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Lisa Winchester moved to Nebraska in September and was looking for a house.

Instead, she came across a bar.

Winchester, who moved to Lincoln from Seattle to be closer to her daughter and granddaughters, found a real estate listing online for the former 501 Bar & Grill location at 501 W. A St. when she was looking for a place to live.

Her daughter, Melissa Kesler, has several years of experience as a bartender and always wanted to give owning her own bar a shot, so mom and daughter went into business together and leased the space.

"So we don't have a house, but we have a bar," Winchester said.

The new bar, called Braska Bar & Grill, is set to open Monday.

Winchester said it will be "just your typical bar and grill."

The bar has pool tables, dart boards and also hopes to host live bands, something previous bars in the spot have done.

As for food, Winchester said offerings from the grill will be fairly minimal to start out with, but "we'll grow into it."

Despite the name, Winchester said there won't be a focus on Husker football, although the bar does have TVs and they will likely be tuned to Nebraska games in the fall. On Sundays, though, expect to see Seattle Seahawks games, Winchester said, as both she and her daughter are fans.

Winchester and Kesler have been working on cleaning up and remodeling the space for a couple of months, and Winchester said there has been a lot of interest from people who live and work in the area, some of whom have stopped by while the two have been at the bar cleaning.

The small Village Square shopping center is close to the South Bottoms and South Salt Creek neighborhoods, in an area that doesn't have a lot of commercial services.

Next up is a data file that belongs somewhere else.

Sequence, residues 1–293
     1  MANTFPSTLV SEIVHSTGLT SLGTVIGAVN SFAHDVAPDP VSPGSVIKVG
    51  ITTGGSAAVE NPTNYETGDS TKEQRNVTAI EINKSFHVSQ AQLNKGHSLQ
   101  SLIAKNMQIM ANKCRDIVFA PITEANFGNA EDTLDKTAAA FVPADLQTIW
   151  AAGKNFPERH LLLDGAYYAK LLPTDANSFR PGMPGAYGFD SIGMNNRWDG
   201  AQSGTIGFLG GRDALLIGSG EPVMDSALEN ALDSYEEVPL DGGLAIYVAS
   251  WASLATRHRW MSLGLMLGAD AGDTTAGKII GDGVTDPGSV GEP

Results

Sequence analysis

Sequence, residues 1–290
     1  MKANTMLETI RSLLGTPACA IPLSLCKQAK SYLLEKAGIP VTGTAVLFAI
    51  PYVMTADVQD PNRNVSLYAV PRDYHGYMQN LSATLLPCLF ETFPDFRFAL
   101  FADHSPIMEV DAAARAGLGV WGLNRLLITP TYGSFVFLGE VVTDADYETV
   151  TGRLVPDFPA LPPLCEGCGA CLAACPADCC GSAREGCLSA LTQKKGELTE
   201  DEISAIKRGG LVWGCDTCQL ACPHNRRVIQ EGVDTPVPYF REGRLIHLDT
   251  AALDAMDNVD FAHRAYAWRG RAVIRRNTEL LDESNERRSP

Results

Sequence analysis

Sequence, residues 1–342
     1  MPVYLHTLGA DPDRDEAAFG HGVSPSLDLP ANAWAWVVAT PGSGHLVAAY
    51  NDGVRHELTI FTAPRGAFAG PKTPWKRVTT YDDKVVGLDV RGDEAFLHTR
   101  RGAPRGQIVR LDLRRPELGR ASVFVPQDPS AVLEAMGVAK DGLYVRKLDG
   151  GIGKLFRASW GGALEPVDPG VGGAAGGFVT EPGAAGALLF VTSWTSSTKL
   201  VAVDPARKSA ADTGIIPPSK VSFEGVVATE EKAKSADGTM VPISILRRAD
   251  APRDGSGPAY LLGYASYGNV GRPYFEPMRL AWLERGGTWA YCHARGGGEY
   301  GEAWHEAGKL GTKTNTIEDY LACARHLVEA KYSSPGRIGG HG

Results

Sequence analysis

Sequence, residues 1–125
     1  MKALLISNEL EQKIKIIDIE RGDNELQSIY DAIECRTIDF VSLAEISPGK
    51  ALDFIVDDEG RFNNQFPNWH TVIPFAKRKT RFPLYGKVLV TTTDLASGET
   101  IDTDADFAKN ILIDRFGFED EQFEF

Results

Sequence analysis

But that is changing, as Braska Bar isn't the only new business in the area.

The Wah Wah Family Asian Market opened in the shopping center in February in a space formerly occupied by a fitness center, and its owner is planning to open a restaurant called Seyo Thai Restaurant next month in a spot that used to host a catering company.

Sarkapru Soe opened the market shortly after moving to Lincoln from Omaha, where she had been helping her brother run an Asian market.

Soe, who is originally from Burma and has lived in the U.S. for 14 years, said she saw the location as a good one because the only grocery store in the area is the Russ's Market at Coddington Avenue and West South Street, and the closest Asian market is several miles away.

Soe said she used the same logic when deciding to open the restaurant, as the closest Thai restaurant is downtown.

The center has been anchored for years on its east end by a convenience store, but even that has changed recently. What for years was the Jackpot Convenience Store was bought out a couple of years ago by Super C.

Other than a Casey's General Store across West A Street, Village Square has the only retail businesses in the area, which stretches along A Street from about West Third to West Seventh streets.

The rest of the area is mostly populated by industrial businesses, including Lester Electric, Ray's Lawn Care and Von Busch & Sons Refuse, as well as self-storage units and a car wash.

Gary Nichelson has owned Village Square for 12 years and has had trouble in the past keeping tenants at the center, but he said he's excited about all the new businesses.

"We have some good tenants, and I like to think they'll be there a long time," he said. "I hope the neighborhood supports them."

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Reach the writer at 402-473-2647 or molberding@journalstar.com.

On Twitter @LincolnBizBuzz.

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Business editor/reporter

Matt Olberding is a Lincoln native and University of Nebraska-Lincoln graduate who has been covering business for the Journal Star since 2005.

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